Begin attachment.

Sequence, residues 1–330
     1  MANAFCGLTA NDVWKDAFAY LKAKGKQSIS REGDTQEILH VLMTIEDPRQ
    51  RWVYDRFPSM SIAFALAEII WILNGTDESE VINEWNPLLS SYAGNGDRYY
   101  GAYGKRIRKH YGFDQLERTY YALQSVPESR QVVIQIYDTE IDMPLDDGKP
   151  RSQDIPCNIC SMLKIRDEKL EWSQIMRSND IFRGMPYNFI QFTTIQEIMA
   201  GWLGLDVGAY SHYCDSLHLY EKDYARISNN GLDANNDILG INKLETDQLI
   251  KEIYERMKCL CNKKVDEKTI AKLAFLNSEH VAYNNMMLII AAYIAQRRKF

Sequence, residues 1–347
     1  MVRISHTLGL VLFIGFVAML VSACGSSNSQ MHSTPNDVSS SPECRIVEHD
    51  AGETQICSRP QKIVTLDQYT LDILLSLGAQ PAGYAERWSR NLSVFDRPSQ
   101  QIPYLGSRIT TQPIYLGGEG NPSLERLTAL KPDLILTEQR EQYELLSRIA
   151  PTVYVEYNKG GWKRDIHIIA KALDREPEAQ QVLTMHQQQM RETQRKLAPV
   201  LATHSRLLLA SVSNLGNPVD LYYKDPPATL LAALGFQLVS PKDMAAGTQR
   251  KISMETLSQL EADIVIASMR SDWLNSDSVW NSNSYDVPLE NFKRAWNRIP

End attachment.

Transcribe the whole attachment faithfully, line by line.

Sequence, residues 1–330
     1  MANAFCGLTA NDVWKDAFAY LKAKGKQSIS REGDTQEILH VLMTIEDPRQ
    51  RWVYDRFPSM SIAFALAEII WILNGTDESE VINEWNPLLS SYAGNGDRYY
   101  GAYGKRIRKH YGFDQLERTY YALQSVPESR QVVIQIYDTE IDMPLDDGKP
   151  RSQDIPCNIC SMLKIRDEKL EWSQIMRSND IFRGMPYNFI QFTTIQEIMA
   201  GWLGLDVGAY SHYCDSLHLY EKDYARISNN GLDANNDILG INKLETDQLI
   251  KEIYERMKCL CNKKVDEKTI AKLAFLNSEH VAYNNMMLII AAYIAQRRKF

Sequence, residues 1–347
     1  MVRISHTLGL VLFIGFVAML VSACGSSNSQ MHSTPNDVSS SPECRIVEHD
    51  AGETQICSRP QKIVTLDQYT LDILLSLGAQ PAGYAERWSR NLSVFDRPSQ
   101  QIPYLGSRIT TQPIYLGGEG NPSLERLTAL KPDLILTEQR EQYELLSRIA
   151  PTVYVEYNKG GWKRDIHIIA KALDREPEAQ QVLTMHQQQM RETQRKLAPV
   201  LATHSRLLLA SVSNLGNPVD LYYKDPPATL LAALGFQLVS PKDMAAGTQR
   251  KISMETLSQL EADIVIASMR SDWLNSDSVW NSNSYDVPLE NFKRAWNRIP